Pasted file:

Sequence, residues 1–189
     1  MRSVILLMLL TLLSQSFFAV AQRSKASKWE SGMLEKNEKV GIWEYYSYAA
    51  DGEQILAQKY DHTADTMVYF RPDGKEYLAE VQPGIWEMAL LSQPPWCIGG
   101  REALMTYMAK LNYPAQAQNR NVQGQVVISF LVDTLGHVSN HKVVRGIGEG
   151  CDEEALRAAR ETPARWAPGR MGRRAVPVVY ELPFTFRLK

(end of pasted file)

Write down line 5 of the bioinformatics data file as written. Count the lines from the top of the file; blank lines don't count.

   151  CDEEALRAAR ETPARWAPGR MGRRAVPVVY ELPFTFRLK